In her response to the District's motion to dismiss, Lincoln takes issue with its assertion, under DeGuiseppe and similar cases, that a plaintiff need show an "adverse employment action" to state a claim for retaliation in violation of the First Amendment. Citing Spiegla v. Hull, among other cases, Lincoln asserts that she need not show an "adverse employment action" as that requirement has been defined in the cases brought under Title VII and the other antidiscrimination statutes. Rather, she insists that "any deprivation . . . that is likely to deter the exercise of free speech . . . is actionable." Spiegla, 371 F.3d at 928 (quoting Power v. Summers, 226 F.3d 815, 820 (7th Cir. 2000)). Though the disagreement on this relatively fine point might seem like a trivial exercise in semantics, it is important because the Seventh Circuit has said that a retaliatory action under the First Amendment need not even relate to employment. In Powers v. Summers, the Seventh Circuit sought to clarify its holding in DeGuiseppe. 226 F.3d at 820. In Powers, the Court held that there is no requirement under § 1983 and the constitutional doctrines it enforces that alleged actions taken in retaliation for free speech "alter the terms or conditions of . . . employment." 226 F.3d at 820. One can state a claim for retaliation under the First Amendment based on actions that do not even relate to employment. Id. All that is required is a "deprivation under color of law that is likely to deter the exercise of free speech . . . even something as trivial as making fun of an employee for bringing a birthday cake to the office to celebrate another employee's birthday." Id. (citing Bart v. Telford, 677 F.2d 622, 624 (7th Cir. 1982)). Explaining its holding in DeGuiseppe, the Court said its reasoning there was meant to reflect that an employee must show that the activity complained of was sufficient to deter the exercise of his free speech rights. Id. at 820-21 (unwilling to conclude that the denial of a few hundred dollar raise was unlikely to deter the exercise of free speech).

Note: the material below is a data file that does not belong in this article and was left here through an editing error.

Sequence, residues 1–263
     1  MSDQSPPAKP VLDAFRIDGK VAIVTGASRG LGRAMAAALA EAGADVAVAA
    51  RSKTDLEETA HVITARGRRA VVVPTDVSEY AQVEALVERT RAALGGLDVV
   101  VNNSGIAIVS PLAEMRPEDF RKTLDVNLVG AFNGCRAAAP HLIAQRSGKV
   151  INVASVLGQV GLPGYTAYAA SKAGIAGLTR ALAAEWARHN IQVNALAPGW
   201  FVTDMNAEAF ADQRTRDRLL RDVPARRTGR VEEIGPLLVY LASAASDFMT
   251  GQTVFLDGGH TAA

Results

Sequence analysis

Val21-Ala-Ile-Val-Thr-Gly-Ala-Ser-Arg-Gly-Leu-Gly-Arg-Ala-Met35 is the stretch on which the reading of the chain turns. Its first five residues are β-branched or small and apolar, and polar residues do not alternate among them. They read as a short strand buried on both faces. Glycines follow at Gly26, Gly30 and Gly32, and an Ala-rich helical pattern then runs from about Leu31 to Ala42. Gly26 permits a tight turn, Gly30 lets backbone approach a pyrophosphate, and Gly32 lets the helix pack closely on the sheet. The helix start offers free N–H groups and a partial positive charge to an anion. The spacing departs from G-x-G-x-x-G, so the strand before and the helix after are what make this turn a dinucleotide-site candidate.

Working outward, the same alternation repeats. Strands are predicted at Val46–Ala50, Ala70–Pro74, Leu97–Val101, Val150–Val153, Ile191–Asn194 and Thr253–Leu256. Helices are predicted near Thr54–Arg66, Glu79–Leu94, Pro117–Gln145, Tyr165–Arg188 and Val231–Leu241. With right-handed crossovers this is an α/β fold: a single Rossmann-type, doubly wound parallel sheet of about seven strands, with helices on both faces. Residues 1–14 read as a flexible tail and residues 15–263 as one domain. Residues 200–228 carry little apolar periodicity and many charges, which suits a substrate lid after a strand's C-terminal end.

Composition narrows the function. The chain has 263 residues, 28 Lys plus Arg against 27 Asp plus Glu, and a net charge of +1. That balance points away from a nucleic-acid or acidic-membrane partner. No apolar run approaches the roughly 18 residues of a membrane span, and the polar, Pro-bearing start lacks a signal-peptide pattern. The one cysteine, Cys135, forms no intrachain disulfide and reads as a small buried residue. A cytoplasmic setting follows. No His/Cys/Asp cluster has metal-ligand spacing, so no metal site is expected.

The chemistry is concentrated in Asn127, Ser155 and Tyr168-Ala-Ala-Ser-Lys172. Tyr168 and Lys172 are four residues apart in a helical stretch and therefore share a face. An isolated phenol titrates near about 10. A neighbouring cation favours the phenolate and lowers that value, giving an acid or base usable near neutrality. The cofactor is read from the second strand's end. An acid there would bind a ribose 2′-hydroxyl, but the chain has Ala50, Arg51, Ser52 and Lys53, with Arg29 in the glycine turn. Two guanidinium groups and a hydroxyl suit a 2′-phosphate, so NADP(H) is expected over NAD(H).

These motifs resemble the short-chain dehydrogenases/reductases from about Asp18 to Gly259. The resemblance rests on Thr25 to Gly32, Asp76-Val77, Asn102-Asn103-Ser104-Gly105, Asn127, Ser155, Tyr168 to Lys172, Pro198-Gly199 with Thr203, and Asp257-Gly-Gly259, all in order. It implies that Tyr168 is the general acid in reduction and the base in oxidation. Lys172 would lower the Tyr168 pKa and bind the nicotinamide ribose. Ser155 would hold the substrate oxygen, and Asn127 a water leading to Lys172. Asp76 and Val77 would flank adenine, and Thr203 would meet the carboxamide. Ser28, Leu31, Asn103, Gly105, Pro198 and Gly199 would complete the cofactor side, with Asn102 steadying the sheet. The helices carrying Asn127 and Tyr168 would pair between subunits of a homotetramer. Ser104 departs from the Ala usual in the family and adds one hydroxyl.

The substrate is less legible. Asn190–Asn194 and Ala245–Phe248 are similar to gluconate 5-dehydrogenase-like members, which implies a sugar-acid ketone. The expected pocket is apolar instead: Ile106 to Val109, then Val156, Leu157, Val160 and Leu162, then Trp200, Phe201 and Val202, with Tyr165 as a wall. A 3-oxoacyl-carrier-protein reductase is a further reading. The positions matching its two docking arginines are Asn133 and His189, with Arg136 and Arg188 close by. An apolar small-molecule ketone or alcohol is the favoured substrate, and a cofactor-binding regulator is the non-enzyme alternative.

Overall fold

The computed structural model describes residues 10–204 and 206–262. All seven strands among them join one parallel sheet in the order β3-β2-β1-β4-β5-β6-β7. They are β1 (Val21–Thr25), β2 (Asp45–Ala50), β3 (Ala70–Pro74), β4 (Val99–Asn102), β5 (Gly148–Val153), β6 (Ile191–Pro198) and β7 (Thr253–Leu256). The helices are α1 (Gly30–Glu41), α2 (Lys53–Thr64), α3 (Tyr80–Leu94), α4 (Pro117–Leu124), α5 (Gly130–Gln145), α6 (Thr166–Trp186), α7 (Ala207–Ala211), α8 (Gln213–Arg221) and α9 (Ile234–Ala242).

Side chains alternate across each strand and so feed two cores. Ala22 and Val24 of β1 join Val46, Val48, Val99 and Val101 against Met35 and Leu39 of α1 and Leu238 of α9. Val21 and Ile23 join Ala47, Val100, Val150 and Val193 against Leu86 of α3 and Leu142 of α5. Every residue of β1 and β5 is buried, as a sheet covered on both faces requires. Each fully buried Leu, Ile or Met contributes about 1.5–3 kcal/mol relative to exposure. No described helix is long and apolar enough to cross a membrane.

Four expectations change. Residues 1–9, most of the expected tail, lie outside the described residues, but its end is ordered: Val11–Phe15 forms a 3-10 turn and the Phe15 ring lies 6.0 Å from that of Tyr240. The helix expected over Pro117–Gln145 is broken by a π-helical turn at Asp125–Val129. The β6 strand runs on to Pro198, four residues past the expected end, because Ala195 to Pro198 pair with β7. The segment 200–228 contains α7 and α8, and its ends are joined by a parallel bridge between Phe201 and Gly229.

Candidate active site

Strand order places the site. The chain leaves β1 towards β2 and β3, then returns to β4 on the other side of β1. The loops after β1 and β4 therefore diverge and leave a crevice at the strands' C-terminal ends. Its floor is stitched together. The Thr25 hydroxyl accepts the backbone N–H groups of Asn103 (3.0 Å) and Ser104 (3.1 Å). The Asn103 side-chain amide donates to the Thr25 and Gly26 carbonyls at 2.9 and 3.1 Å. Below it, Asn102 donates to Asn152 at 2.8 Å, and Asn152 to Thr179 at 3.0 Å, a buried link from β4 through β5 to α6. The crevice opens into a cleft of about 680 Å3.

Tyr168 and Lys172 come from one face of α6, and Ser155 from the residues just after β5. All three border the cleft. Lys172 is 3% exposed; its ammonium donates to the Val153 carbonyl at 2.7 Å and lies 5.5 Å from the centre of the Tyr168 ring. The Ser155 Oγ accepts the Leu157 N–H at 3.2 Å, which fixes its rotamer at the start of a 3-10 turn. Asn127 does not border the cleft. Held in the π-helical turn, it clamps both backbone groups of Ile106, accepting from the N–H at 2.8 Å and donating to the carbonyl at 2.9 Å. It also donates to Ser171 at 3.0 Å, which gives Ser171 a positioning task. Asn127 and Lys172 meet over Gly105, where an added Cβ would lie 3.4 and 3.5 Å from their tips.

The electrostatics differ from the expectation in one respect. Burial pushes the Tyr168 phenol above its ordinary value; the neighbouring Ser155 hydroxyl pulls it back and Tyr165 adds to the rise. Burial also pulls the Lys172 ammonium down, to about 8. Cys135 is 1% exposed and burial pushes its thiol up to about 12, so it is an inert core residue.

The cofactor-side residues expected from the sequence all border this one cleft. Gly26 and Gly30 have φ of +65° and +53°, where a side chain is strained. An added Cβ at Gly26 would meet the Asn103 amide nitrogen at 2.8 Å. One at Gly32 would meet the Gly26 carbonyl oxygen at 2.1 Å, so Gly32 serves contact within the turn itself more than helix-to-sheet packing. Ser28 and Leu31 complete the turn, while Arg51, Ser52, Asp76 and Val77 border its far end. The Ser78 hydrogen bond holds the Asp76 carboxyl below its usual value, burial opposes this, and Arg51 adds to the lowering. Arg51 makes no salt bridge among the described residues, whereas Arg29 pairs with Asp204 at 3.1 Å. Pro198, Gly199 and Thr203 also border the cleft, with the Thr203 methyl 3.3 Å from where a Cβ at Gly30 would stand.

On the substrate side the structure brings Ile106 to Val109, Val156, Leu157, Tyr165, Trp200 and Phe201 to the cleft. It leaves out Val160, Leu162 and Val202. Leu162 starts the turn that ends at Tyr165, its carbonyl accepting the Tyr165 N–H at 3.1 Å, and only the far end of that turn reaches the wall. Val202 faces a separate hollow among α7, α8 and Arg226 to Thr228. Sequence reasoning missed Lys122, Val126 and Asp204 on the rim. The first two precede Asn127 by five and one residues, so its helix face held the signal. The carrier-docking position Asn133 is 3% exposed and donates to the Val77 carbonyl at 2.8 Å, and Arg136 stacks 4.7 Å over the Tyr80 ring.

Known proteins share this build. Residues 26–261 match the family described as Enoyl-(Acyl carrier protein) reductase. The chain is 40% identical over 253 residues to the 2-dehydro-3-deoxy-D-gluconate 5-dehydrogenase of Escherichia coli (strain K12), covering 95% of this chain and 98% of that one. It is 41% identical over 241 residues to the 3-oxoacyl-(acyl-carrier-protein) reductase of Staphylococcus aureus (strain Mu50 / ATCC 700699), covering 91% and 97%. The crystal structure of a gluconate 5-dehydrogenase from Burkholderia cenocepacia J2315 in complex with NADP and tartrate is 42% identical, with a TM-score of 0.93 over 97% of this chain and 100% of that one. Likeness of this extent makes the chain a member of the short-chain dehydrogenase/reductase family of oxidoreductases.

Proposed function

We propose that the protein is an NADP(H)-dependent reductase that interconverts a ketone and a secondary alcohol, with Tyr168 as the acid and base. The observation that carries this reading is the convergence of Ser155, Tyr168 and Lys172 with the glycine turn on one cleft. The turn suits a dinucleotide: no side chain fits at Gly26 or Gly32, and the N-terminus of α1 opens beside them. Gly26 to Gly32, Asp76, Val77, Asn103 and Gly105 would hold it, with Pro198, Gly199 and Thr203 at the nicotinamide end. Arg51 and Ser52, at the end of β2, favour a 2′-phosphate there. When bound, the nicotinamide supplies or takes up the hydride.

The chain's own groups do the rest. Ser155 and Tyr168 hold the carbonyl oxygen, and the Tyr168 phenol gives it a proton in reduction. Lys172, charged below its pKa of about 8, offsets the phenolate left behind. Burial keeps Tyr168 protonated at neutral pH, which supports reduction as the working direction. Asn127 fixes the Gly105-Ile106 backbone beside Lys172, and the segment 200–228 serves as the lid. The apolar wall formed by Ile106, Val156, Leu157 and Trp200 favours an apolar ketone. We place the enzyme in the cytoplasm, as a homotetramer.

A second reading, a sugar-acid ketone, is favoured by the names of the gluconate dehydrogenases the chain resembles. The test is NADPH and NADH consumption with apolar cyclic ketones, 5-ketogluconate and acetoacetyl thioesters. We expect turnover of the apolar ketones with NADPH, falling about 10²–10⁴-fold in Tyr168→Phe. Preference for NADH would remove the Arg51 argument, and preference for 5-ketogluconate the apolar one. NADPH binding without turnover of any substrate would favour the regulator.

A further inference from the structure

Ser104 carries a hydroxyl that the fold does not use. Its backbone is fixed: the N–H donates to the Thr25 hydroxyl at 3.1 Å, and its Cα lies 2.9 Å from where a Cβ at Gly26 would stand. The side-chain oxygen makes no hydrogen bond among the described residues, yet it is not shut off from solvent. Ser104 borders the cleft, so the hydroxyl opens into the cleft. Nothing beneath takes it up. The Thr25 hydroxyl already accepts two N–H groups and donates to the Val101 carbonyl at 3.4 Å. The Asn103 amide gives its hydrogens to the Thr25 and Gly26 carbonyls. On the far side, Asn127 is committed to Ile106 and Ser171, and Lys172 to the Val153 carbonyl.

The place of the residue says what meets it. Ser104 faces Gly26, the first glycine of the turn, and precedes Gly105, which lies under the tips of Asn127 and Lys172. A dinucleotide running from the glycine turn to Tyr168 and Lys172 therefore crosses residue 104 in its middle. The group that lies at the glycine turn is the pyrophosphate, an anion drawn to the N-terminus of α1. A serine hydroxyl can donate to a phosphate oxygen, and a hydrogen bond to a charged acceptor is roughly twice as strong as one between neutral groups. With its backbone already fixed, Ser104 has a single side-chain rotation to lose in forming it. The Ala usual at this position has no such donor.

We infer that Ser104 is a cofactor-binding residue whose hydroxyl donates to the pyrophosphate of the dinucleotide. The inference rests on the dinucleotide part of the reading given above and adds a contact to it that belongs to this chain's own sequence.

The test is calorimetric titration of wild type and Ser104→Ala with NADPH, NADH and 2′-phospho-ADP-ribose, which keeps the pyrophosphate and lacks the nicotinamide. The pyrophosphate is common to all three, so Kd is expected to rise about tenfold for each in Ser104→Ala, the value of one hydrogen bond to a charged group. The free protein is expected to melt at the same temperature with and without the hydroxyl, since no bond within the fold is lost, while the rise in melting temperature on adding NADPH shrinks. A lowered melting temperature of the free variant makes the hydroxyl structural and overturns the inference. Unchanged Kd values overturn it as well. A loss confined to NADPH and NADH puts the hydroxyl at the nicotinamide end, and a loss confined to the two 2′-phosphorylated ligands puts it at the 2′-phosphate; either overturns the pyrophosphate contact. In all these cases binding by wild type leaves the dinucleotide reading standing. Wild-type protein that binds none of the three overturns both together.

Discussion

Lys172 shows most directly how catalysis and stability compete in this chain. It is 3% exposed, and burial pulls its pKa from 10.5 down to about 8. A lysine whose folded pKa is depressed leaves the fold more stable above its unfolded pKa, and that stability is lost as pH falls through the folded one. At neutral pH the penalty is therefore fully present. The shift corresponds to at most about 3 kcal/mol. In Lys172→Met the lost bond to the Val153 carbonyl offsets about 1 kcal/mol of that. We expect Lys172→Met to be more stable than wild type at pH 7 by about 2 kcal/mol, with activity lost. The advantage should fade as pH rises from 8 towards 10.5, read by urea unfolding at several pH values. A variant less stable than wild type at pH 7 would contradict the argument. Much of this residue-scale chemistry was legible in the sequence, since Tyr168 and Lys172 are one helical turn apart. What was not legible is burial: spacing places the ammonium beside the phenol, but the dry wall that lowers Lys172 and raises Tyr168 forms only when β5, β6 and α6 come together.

The Seventh Circuit has addressed negative employment evaluations in the Title VII context a number of times. The District believes the Court should conduct an analysis similar to that conducted in Title VII cases, citing Hilt-Dyson v. City of Chicago, 282 F.3d 456, 466 (7th Cir. 2002), among other cases. In Hilt-Dyson, the Seventh Circuit found, like it has in a number of Title VII cases, that "negative evaluations, standing alone, do not constitute adverse employment actions." Id.; see also Oest v. Illinois Dept. of Corrections, 240 F.3d 605, 613 (7th Cir. 2001) (same); Ribando v. United Airlines, Inc., 200 F.3d 507, 511 (7th Cir. 1999) (same). It is clear, therefore, that negative evaluations are insufficient under Title VII. However, the policies which underlie the antidiscrimination statutes are not the same as those that are implicated under the First Amendment. As the Court stated in Bart v. Telford, though the effect of harassment and ridicule "on freedom of speech may be small . . . since there is no justification for harassing people for exercising their constitutional rights it need not be great in order to be actionable." 677 F.2d 622, 625 (7th Cir. 1982) (finding that it was a question of fact whether defendants' campaign of petty harassments "reached the threshold of actionability under § 1983"); see also Lifton, 416 F.3d at 576 (assuming for purposes of decision that a recommendation of fifteen-day suspension, though not served, could constitute an adverse action sufficient to give rise to a retaliation claim because the injury in these cases need not be great). The question remains whether a lower evaluation is sufficient for First Amendment ...